The great thing from the point of view of the site owners is that they don’t pay a penny for the expertise they sell, other than for moderation and hosting. If you sign up as an Expert, you can post solutions, though you still can’t see all the other solutions until you acquire a certain number of points. Points are awarded for accepted solutions, and solutions are accepted if the questioner marks them so. If the questioner doesn’t bother (not uncommon) then eventually a moderator turns up and decides which answers merit points. If an expert gets lots of points, the reward is an Experts Exchange certification for the subject area in which the points were won.

I tried being an Expert recently and it is quite fun if you are interested in the kinds of technical problems people want to solve and/or get any satisfaction from helping them. It is also quite annoying. Questions vary from trivial to impossible; with the trivial ones, it is a race against time as numerous Experts try to post their solution first. Some are impossible because they are hopelessly vague (so common with support issues), have no clear answer – eg “should I pay for help with SEO” – or because what the questioner wants simply cannot be done.

It is also interesting to see what questions are being asked. There is a heavy bias towards Windows. I guess this is another reminder of Microsoft’s continuing dominance, though it also reflects the culture of the community that has formed around the site. Many of the programming questions seem to be from beginners, though often wrestling with real business applications, raising questions about the level of IT expertise out there.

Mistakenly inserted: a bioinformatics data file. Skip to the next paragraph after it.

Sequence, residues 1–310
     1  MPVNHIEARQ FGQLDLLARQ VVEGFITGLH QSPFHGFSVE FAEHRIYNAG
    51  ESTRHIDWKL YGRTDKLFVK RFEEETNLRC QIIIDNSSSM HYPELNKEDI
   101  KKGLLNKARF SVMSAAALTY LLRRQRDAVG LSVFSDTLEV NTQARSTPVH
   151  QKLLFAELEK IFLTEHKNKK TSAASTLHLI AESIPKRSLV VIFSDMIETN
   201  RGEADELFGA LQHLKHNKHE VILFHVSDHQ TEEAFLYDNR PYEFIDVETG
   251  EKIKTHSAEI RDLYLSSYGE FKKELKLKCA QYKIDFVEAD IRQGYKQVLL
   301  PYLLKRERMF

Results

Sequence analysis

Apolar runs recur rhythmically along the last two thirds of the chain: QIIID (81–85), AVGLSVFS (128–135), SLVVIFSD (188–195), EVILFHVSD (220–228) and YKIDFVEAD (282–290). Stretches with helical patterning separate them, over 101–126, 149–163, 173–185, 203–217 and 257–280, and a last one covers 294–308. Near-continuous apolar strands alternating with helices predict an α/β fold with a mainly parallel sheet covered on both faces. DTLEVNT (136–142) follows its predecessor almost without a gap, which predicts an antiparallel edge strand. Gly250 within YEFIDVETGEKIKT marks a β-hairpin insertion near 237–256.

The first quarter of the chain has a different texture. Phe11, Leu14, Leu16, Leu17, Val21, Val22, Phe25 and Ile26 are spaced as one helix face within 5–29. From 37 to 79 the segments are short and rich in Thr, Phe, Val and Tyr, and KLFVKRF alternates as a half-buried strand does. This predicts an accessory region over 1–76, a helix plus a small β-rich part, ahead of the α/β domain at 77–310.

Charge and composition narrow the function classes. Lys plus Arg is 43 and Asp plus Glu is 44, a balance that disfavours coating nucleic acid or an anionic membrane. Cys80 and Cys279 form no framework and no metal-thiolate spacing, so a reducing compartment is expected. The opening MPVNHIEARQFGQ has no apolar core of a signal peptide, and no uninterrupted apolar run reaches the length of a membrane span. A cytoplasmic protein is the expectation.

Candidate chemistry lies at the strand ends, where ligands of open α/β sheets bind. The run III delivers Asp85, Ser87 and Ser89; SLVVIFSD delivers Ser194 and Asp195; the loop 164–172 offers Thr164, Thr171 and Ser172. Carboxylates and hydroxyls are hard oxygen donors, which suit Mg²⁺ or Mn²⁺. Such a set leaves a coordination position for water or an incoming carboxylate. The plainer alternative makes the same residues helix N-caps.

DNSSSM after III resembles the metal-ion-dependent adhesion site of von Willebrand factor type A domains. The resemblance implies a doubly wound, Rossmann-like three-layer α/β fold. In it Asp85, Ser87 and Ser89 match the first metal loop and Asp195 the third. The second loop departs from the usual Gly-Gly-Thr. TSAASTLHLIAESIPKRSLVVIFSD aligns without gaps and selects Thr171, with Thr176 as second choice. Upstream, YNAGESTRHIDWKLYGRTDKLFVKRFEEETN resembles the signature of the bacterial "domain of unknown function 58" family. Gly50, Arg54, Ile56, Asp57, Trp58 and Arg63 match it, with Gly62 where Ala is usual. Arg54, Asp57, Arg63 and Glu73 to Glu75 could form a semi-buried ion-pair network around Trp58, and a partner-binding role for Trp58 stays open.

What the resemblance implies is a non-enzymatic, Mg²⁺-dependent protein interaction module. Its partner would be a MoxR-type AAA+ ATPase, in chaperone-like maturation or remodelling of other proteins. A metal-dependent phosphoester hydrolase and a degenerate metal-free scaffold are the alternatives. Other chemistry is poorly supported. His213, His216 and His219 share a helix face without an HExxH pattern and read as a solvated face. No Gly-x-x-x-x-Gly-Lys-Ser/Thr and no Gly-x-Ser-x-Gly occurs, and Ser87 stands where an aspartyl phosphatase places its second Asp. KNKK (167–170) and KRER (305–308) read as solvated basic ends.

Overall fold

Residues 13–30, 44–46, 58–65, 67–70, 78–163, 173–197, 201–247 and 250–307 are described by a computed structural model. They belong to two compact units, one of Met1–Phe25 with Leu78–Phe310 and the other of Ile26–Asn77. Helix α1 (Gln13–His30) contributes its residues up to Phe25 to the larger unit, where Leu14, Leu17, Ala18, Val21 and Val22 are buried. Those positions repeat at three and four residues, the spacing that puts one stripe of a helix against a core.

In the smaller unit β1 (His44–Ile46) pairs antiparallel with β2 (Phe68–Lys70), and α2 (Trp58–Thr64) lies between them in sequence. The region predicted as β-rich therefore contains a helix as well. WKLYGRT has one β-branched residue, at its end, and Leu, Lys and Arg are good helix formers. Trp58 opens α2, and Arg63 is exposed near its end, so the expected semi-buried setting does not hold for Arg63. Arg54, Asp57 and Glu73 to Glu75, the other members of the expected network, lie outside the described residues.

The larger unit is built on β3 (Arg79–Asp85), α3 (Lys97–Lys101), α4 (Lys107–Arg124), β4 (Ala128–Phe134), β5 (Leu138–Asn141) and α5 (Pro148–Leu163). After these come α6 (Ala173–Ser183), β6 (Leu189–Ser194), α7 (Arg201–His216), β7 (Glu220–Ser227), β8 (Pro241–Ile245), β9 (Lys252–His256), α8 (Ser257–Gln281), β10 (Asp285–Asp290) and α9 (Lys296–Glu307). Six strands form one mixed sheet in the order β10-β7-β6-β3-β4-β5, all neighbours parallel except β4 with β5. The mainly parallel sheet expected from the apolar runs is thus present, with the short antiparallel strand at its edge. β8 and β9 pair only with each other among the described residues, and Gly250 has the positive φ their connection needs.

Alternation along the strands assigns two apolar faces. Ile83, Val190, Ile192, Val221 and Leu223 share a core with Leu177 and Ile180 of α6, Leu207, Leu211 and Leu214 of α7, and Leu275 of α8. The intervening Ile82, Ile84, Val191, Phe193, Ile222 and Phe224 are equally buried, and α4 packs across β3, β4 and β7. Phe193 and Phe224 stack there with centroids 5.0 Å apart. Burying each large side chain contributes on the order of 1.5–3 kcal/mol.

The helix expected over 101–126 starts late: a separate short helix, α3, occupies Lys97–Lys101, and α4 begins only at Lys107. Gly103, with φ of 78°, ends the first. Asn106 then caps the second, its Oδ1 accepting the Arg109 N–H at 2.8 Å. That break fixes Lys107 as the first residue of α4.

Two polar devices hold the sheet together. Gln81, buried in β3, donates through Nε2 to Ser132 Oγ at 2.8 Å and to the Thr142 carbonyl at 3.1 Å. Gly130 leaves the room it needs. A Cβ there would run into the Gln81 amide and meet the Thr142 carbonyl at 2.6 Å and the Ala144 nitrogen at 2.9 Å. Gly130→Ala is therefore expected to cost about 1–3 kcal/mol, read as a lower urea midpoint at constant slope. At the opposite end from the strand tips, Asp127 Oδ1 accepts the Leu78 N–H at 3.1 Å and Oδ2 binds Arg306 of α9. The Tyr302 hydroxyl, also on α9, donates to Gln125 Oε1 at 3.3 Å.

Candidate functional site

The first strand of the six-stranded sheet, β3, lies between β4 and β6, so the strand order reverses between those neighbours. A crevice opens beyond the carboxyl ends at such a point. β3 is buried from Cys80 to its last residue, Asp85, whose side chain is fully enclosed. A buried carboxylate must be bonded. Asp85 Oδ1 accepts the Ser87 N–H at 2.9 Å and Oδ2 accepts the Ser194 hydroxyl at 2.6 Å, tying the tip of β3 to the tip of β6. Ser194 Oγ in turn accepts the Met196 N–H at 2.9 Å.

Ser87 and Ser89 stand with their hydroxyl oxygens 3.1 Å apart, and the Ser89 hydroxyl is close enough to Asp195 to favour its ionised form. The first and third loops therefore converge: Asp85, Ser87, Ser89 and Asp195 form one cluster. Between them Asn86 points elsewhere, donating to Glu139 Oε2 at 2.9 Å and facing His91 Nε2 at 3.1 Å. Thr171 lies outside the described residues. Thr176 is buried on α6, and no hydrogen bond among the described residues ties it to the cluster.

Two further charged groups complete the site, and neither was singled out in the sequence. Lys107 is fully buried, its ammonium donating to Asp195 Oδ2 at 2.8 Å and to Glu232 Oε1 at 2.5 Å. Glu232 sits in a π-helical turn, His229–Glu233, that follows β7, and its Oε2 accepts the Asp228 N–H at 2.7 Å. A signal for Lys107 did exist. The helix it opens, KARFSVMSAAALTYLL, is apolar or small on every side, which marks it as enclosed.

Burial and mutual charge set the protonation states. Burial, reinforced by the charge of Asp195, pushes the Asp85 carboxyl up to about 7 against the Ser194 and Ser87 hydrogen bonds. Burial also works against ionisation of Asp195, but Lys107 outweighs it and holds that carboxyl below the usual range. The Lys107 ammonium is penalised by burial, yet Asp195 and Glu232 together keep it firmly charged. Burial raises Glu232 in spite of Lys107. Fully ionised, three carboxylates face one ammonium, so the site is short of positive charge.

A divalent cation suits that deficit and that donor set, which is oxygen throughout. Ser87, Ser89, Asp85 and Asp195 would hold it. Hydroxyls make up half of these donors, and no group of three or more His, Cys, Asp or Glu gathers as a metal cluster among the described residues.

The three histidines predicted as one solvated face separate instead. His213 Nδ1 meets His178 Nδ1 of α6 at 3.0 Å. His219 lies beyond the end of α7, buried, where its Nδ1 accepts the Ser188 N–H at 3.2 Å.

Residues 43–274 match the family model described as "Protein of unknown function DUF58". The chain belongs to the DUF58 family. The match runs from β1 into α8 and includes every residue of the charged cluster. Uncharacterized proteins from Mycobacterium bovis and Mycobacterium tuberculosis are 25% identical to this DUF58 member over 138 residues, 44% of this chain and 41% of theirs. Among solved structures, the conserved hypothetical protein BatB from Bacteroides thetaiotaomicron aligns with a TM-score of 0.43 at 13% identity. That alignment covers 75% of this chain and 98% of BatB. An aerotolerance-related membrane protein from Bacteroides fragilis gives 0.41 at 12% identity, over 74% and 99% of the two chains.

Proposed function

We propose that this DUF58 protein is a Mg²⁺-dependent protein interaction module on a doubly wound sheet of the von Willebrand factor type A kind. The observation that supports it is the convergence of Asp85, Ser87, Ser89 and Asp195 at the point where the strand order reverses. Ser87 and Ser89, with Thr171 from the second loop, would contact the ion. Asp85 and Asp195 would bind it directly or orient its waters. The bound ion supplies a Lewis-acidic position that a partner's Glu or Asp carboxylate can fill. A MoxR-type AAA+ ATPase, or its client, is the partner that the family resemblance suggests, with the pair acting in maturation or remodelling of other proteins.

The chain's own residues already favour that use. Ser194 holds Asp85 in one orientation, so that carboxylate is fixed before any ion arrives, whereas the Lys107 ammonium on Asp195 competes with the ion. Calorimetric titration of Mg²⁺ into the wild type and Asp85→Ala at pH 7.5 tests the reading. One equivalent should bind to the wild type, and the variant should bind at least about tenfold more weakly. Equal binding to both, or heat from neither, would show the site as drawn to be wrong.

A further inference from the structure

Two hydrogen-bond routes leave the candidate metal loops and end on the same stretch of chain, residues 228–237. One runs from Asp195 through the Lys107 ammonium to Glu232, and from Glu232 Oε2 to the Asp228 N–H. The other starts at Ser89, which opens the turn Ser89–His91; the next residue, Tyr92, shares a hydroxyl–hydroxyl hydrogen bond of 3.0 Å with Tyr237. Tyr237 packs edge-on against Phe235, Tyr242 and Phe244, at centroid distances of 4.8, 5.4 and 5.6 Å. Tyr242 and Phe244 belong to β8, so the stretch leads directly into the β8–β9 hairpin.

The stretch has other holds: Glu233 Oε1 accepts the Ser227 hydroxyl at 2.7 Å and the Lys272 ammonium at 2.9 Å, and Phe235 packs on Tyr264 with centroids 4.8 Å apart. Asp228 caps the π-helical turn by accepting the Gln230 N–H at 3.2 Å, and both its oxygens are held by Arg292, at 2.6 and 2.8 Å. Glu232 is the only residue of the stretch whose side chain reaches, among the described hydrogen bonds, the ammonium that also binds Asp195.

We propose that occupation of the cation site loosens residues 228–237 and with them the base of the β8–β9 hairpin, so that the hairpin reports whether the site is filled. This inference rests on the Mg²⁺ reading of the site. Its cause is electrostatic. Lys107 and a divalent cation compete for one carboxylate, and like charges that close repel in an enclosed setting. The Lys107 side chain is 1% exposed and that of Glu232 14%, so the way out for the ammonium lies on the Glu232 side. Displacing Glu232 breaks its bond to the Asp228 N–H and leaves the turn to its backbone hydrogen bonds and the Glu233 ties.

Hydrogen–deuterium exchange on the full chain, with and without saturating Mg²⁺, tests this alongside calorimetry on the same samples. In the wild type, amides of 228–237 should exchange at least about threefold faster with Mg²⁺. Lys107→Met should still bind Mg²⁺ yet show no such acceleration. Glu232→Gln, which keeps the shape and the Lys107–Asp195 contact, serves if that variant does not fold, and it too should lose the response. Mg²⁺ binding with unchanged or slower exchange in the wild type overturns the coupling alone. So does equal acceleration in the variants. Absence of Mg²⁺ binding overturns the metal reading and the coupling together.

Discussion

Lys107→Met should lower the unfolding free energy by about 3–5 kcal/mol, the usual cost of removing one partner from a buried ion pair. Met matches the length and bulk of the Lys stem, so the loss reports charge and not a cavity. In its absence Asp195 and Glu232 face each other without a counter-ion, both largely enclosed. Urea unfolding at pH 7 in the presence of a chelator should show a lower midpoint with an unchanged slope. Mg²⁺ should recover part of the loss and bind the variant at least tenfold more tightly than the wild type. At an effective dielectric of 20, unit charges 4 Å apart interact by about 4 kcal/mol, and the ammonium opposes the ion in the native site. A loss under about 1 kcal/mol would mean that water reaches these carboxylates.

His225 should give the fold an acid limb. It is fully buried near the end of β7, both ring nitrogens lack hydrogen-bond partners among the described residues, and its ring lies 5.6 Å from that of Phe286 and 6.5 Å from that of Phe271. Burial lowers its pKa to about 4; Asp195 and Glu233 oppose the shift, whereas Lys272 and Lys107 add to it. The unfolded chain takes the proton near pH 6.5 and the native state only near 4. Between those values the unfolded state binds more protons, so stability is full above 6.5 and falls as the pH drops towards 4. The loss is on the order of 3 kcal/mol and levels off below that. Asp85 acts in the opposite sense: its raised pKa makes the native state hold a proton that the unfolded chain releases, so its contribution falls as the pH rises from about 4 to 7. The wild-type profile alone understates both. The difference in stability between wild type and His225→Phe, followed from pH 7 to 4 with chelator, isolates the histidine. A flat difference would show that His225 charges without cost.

It might be worth answering a few simple questions to get 10,000 points, or 3,000 per month thereafter, as this qualifies Experts to get free use of the site. What about spending hours trying to fix a tricky and intricate problem with Active Directory, without access to the system you are trying to troubleshoot? That doesn’t make sense for most of us, since if you can do that you can probably do it for real money elsewhere. These are questions that might not get answered at all, though sometimes they are, leaving valuable information for others in the process.

That said, it strikes me that the Experts here could get a better deal. Why not set up a cooperative where they share the subscription fees? The problem is how to acquire the necessary momentum and build up a strong repository of solutions that show up in Google and bring users to the site.

As for developers, I’d prefer StackOverflow, which is unequivocally free; the organizers presumably get by on advertising income.

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Latest steps in the Google dance: brands, or not?

There’s a buzz in the SEO community about an update which the search company has made to its algorithms – though Google’s Matt Cutts calls it a change, if you can figure out the difference, albeit one important enough to have a name within the company – it’s “Vince’s change”, after the employee who contributed it.

According to SEO guru Aaron Wall  it is related to CEO Eric Schmidt’s comments last year that the Internet is a “cesspool” of false information. Big idea: promote trusted brands in the search results to ensure quality in the top hits.

As usual with Google, it’s hard to discern whether this is a big deal as Wall claims, or a minor evolution as Cutts presents it. Still, it is worth a few observations.

First, it seems obvious that Google’s original big idea, pagerank based on incoming links, is becoming less and less useful. It has been killed first by the SEO industry itself and its unceasing link farms and exchanges, and second by Google’s promotion of the “nofollow” attribute, which ironically means that many of the best incoming links are now supposedly ignored, while the SEO folk ensure that low-quality links which are not tagged nofollow abound.

That being the case, Google has to look for other ways to rank sites. According to Cutts, there are three things (in addition to pagerank) that it tries to identify: trust, authority, and reputation.

The brands idea is an easy solution. Prefer the well-known names; that way you may not get the best content or the best price; but at least users generally won’t be scammed.

The potential consequences of this kind of thinking are far-reaching. It is undermining one of the Web’s key attractions, which is low barriers to entry. If SEO becomes a matter of building a big brand, it is no different than the old world of big-budget marketing campaigns (and perhaps that should not come as a surprise).